EEOC Releases Updated Guidance on ADA Requirements for Individuals with Hearing Disabilities in the Workplace
Individuals with a variety of hearing conditions may have disabilities covered by the ADA.
Pre-job offer disability-related questions can violate the ADA, but certain questions regarding the ability of a candidate to perform the essential functions of the role may be permissible.
Employers have a duty to provide accommodations for job applicants and employees with hearing disabilities where necessary for the application process or to perform the essential functions of the job and where it would not pose an undue hardship. Accommodations may include such things as providing an interpreter or assistive technology.
Employers should be careful not to act on stereotypes when evaluating candidates with hearing disabilities.
On January 24, 2023, the Equal Employment Opportunity Commission (“EEOC”) released updated guidance on how the Americans with Disabilities Act (“ADA”) applies to job applicants and employees with hearing disabilities. The guidance provides information about hearing conditions as a disability under the ADA, outlines best practices for employers in dealing with confidential medical information, shares guidance on accommodations for applicants and employees, addresses employer concerns about safety, and details reporting procedures for employees.
The following are some highlights from the updated guidance.
Hearing Conditions as a “Disability” under the ADA
The guidance states that people with a variety of hearing conditions (including deafness, being hard of hearing, experiencing ringing in the ears, or having sensitivity to noise) may have disabilities covered by the ADA.
The guidance notes that under the ADA, the definition of “disability” is interpreted broadly in favor of expansive coverage. Accordingly, individuals with an impairment of hearing will demonstrate an “actual disability” under the ADA “if they can show that they are substantially limited in hearing or another major life activity.” This determination must not take into account the use or availability of any mitigating measure such as a hearing aid or a cochlear implant. Individuals may also be covered by the ADA “if they have a record of an impairment that substantially limited a major life activity in the past,” such as if an individual’s hearing has been corrected surgically. Finally, an individual is covered “if an employer takes a prohibited action (for example, refuses to hire or terminates the individual) because of a hearing condition or because the employer believes the individual has an impairment of hearing, other than an impairment that is not both transitory and minor.”
Best Practices for Obtaining, Using and Disclosing Medical Information
The guidance outlines the circumstances under which an employer may ask applicants or employees questions related to disabilities and to conduct medical examinations – including those relating to hearing impairments – under the ADA.
The guidance reiterates that “an employer may not ask questions about an applicant’s medical condition or require an applicant to have a medical examination before it makes a conditional offer” of employment. For example, employers cannot ask whether an applicant uses a hearing aid or has any condition that affects the applicant’s hearing. This also includes asking applicants questions about obvious impairments, or questions about the nature or severity of a voluntarily disclosed hearing condition.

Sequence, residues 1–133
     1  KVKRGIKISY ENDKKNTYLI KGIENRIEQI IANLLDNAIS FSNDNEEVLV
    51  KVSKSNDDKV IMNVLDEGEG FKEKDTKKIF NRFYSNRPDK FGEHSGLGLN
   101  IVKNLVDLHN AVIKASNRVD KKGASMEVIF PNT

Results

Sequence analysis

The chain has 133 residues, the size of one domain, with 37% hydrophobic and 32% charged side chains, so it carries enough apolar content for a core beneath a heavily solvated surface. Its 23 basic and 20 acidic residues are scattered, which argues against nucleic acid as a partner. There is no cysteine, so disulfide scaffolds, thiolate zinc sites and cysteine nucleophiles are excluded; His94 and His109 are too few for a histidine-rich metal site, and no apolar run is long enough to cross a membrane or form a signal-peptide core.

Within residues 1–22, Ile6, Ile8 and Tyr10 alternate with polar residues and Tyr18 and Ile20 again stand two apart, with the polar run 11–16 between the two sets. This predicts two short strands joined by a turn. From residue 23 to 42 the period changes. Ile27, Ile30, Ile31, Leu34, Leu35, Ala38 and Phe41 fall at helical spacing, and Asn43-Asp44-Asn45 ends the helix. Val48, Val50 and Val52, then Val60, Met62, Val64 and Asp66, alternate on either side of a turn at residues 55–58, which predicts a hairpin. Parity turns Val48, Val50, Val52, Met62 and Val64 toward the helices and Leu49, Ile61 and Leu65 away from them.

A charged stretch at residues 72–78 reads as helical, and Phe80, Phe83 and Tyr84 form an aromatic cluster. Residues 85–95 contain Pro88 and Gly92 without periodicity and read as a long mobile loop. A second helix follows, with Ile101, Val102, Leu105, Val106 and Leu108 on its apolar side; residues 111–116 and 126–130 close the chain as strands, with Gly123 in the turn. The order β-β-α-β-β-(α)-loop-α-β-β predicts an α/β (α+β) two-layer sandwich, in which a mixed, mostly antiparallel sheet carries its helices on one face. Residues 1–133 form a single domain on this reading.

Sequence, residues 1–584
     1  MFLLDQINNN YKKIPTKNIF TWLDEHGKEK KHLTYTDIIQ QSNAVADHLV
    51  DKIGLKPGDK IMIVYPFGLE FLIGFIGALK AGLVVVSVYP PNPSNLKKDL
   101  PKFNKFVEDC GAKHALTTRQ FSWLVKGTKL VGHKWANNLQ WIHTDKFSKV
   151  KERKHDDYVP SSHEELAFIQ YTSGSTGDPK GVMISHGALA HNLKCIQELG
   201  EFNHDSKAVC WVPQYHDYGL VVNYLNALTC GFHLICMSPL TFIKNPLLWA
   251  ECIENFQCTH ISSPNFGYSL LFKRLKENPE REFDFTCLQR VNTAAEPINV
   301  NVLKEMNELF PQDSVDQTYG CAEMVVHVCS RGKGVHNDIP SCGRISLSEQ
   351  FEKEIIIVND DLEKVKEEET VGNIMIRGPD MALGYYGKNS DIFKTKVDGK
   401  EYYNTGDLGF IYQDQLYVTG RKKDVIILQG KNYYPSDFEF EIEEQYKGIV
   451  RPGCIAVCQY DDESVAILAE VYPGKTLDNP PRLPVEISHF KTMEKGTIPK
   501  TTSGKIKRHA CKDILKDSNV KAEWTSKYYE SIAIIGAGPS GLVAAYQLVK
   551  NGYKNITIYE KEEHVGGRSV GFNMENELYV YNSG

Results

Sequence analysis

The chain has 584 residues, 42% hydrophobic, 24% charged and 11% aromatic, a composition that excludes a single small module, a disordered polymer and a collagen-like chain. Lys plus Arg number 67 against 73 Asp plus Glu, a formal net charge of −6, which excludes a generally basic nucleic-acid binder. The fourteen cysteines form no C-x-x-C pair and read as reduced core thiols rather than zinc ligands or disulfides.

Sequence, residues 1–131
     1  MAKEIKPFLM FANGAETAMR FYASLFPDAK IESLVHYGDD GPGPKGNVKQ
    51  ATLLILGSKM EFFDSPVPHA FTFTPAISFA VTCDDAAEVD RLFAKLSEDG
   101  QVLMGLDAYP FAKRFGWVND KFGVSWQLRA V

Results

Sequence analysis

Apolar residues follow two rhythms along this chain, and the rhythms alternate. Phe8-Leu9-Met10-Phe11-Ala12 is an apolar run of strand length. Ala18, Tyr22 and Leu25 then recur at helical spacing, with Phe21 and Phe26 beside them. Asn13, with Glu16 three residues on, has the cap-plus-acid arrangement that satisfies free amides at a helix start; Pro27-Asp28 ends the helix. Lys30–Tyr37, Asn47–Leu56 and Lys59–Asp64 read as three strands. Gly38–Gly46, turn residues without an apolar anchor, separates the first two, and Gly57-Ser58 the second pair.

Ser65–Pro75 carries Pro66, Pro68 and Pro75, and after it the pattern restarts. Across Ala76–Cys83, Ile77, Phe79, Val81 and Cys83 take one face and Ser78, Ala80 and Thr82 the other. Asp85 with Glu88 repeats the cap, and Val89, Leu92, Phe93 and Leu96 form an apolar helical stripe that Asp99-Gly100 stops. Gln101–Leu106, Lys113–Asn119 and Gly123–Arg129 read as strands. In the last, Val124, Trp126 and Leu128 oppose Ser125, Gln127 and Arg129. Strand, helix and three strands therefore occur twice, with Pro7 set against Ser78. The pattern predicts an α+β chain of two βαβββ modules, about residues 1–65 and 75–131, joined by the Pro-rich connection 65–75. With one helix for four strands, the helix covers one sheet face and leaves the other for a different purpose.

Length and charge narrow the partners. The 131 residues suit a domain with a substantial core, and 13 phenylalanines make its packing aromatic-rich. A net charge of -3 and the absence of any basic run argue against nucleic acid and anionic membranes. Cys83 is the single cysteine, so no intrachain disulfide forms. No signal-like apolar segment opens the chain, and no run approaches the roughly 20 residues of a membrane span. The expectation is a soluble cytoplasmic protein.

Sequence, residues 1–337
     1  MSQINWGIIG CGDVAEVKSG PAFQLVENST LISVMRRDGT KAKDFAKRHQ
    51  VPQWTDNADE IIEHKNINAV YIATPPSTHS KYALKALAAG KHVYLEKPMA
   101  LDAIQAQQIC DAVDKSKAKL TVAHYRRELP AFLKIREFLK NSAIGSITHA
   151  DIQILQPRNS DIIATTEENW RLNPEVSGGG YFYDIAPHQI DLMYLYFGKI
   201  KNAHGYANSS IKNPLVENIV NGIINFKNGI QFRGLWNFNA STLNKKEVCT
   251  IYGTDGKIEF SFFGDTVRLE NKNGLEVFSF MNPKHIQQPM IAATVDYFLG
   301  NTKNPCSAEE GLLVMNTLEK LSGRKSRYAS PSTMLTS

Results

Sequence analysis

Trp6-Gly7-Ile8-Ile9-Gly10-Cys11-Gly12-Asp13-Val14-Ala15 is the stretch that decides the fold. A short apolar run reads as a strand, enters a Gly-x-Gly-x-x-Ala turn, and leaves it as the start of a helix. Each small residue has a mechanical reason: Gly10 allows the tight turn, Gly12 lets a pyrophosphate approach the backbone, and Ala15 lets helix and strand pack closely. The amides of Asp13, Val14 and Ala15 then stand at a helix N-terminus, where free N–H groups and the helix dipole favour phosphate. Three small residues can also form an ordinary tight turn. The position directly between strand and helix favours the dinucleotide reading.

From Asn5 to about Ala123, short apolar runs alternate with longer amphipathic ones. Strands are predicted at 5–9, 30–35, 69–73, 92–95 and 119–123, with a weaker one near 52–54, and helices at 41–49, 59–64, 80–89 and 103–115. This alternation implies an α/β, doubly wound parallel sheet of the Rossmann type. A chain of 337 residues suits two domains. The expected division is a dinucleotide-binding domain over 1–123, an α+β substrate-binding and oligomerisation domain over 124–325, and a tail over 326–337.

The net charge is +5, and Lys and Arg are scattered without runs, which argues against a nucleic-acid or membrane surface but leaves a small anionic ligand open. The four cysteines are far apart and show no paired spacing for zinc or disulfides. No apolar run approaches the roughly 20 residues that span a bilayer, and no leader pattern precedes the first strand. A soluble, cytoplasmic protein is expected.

The guidance stresses that the ADA does not require applicants to disclose that they have or had a hearing disability prior to accepting a job offer “unless they will need a reasonable accommodation for the application process.”
However, the guidance notes that “an employer may ask questions pertaining to the applicant’s ability to perform the essential functions of the position, with or without reasonable accommodation.” For example, whether the applicant has good communication skills or can respond quickly to instructions in a noisy, fast-paced work environment.
Likewise, the guidance states that “if an applicant has an obvious impairment or has voluntarily disclosed the existence of an impairment and the employer reasonably believes that the applicant will require an accommodation to complete the application process or to perform the job because of the condition, the employer may ask whether the applicant will need an accommodation and what type.”
The guidance states that after making a job offer, “an employer may ask questions about the applicant’s health” (including the existence/nature of a disability) and “may require a medical examination” on an affirmative or unprompted basis as long as all applicants for the same type of job are asked the same questions and are required to take the same examination. After an employer has obtained basic medical information for all individuals who have received job offers, an employer “may ask specific individuals for more medical information if the request is medically related to the previously obtained medical information.”
The guidance further specifies that after receiving a conditional job offer, if an applicant discloses a hearing condition “an employer may ask the applicant additional questions, such as how long the individual has had the condition; what, if any, hearing the applicant has; what specific hearing limitations the individual experiences; and what, if any, reasonable accommodations the applicant may need to perform the job.” The employer may also send the applicant for a follow-up medical examination or ask the individual to submit medical documentation specifically designed to assess the applicant’s ability to perform the job’s functions safely.